OBJECTIVE To assess the degree of adherence to the current National Institute for Health and Clinical Excellence (NICE) guidelines on the management of urinary incontinence (UI) in women.
Design: Retrospective survey of consecutive female inpatients and outpatients with UI as part of a national audit.
Setting: NHS hospital and primary care (PC) trusts.
Population or sample: Twenty-five women <65 years old and 25 women ≥ 65 years old from each participating site.
Method: All NHS trusts in England, Wales and Northern Ireland were eligible to participate. A web-based data collection form aligned to the NICE guidelines was constructed for the study. All data submitted to the audit were anonymous and access to the web-tool was password-protected for confidentiality.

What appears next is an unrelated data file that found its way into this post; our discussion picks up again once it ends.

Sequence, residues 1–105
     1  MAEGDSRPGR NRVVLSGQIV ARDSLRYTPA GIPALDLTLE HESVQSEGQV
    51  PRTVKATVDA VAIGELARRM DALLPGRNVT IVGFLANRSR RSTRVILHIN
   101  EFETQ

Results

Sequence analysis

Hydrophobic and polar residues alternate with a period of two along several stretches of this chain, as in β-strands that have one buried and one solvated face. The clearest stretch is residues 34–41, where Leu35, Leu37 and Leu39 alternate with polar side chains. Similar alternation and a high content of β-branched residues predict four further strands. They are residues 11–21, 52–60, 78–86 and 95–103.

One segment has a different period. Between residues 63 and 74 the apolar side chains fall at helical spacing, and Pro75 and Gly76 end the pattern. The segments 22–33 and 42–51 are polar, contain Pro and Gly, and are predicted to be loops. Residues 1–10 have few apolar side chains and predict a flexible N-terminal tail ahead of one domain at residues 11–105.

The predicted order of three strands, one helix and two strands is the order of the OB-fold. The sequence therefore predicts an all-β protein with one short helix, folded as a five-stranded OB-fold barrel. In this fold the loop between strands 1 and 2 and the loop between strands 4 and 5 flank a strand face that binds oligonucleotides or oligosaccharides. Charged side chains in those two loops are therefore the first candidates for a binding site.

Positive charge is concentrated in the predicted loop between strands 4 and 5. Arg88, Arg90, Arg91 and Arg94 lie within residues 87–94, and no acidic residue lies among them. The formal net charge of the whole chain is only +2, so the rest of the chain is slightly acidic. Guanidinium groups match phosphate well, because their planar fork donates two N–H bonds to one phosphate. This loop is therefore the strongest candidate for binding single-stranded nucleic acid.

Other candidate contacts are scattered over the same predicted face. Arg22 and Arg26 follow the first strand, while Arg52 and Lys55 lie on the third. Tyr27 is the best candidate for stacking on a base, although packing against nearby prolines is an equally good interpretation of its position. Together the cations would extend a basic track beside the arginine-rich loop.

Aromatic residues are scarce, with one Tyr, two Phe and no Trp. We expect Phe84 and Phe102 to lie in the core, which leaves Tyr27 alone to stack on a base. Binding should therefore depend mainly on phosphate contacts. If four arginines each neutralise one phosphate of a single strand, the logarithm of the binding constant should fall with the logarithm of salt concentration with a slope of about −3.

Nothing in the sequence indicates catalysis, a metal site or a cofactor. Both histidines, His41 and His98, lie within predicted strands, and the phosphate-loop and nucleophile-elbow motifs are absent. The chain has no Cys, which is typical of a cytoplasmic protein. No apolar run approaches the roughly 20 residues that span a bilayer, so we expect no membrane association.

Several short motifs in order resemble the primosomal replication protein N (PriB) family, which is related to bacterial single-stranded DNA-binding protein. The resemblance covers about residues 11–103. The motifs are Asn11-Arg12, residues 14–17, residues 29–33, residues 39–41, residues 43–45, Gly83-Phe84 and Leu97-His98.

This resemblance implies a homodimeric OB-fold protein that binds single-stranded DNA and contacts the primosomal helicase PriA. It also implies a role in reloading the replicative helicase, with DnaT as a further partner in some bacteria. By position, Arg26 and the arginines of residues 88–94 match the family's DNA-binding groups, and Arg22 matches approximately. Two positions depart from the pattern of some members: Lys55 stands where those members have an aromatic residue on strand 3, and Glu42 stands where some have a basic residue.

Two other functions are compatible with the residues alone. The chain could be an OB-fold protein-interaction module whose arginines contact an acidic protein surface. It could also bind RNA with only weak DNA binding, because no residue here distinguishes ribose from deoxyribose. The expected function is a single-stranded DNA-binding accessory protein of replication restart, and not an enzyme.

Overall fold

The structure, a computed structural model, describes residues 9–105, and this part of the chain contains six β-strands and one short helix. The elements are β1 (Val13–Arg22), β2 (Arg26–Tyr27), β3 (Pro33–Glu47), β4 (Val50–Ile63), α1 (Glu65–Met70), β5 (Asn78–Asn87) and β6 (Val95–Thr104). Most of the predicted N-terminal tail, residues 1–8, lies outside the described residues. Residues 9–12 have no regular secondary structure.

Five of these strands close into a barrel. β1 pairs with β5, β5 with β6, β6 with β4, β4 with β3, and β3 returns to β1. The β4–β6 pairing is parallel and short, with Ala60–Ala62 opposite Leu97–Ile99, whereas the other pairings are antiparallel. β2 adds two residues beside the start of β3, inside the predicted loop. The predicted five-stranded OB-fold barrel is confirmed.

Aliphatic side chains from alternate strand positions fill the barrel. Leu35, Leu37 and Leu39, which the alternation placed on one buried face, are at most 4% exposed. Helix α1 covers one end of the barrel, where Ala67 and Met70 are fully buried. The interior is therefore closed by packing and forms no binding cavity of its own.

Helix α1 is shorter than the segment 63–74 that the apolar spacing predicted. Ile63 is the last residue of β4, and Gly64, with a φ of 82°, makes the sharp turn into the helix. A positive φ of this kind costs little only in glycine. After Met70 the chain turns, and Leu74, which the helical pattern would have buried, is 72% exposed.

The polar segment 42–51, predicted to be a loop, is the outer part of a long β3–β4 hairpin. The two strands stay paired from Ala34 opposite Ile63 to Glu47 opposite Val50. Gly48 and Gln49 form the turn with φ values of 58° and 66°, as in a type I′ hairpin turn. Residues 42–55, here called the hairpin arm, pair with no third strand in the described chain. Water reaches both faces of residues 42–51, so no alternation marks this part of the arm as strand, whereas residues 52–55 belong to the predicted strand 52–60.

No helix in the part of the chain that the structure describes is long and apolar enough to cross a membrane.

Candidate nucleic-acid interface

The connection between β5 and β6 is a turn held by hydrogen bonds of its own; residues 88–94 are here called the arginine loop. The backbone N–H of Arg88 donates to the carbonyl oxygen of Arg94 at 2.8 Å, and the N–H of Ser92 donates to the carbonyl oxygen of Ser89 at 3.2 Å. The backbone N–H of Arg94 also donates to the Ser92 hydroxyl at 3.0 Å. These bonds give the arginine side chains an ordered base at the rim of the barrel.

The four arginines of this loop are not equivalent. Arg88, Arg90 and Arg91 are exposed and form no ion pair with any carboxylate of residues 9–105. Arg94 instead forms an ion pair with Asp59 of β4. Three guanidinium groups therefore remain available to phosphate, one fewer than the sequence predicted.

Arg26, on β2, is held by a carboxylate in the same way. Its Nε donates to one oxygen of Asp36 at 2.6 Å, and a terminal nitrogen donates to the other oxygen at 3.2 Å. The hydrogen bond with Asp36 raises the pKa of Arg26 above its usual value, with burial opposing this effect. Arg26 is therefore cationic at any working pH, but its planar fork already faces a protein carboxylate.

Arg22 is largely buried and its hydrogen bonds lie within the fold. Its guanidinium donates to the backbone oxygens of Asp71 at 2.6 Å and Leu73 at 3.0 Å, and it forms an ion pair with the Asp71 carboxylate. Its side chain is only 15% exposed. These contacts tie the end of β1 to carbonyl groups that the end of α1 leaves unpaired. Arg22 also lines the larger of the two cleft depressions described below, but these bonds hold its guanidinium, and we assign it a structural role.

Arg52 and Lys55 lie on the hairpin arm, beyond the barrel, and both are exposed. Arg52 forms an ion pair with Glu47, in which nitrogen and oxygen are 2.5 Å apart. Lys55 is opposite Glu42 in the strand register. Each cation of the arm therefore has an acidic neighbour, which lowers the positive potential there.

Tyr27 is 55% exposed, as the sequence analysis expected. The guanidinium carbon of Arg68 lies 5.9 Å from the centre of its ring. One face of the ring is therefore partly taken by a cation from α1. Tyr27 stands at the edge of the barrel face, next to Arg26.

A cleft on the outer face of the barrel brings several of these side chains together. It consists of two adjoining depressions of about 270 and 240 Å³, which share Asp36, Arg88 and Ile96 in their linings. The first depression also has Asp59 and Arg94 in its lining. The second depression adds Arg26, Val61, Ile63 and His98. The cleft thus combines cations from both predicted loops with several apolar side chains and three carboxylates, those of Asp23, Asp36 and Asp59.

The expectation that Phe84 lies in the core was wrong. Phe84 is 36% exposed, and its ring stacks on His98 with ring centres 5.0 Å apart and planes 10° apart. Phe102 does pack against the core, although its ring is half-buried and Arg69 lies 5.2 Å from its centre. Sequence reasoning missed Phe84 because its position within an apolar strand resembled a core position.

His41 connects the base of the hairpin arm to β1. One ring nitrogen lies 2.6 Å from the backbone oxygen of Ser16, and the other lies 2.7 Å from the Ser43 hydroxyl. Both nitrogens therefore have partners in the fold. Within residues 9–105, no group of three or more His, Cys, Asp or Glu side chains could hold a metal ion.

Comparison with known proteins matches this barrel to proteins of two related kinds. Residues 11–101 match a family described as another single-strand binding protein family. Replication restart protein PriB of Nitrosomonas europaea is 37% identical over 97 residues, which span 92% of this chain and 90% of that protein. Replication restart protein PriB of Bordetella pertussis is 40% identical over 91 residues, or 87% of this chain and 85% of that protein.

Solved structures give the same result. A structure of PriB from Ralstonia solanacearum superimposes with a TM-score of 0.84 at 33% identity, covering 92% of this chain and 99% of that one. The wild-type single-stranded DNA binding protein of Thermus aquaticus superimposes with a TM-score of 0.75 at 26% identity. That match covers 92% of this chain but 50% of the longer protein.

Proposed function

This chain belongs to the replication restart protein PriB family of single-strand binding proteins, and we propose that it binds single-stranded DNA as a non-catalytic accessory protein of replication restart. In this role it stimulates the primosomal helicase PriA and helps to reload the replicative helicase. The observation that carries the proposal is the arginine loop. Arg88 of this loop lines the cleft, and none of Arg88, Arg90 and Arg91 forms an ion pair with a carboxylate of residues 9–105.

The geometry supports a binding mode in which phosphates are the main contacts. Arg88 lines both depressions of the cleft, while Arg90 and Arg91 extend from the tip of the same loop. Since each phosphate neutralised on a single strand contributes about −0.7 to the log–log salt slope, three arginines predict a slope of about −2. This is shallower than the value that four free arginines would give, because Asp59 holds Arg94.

Results: Data were returned by 128 acute and 75 PC trusts on 7846 women. No diagnosis was documented in 6.8% (153/2254) of younger and 28% (571/2011) of older women in hospitals (P < 0.001), and by 8.6% (123/1435) of younger and 21% (380/1786) of older women in PC trusts. In hospitals, 26% (396/1524) of younger women and 15% (182/1231) of older women (P < 0.001) and in PC trusts 8.2% (77/934) of younger and 4.7% (46/975) of older women underwent multichannel cystometry before conservative therapy. Documentation of discussion of causes and treatment of UI occurred in 76% (1717/2254) of younger and 44% (884/2011) of older women in hospitals (P < 0.001) and in 75% (1080/1435) of younger and 53% (948/1786) of older women in PC trusts (P < 0.001). CONCLUSION Older women are less likely to receive NICE compliant management. Adherence varies according to recommendation. There needs to be concentration on evidence-based community provision of care by competent and interested clinicians before the aims of the NICE guidelines are met.
© 2011 The Authors BJOG An International Journal of Obstetrics and Gynaecology © 2011 RCOG.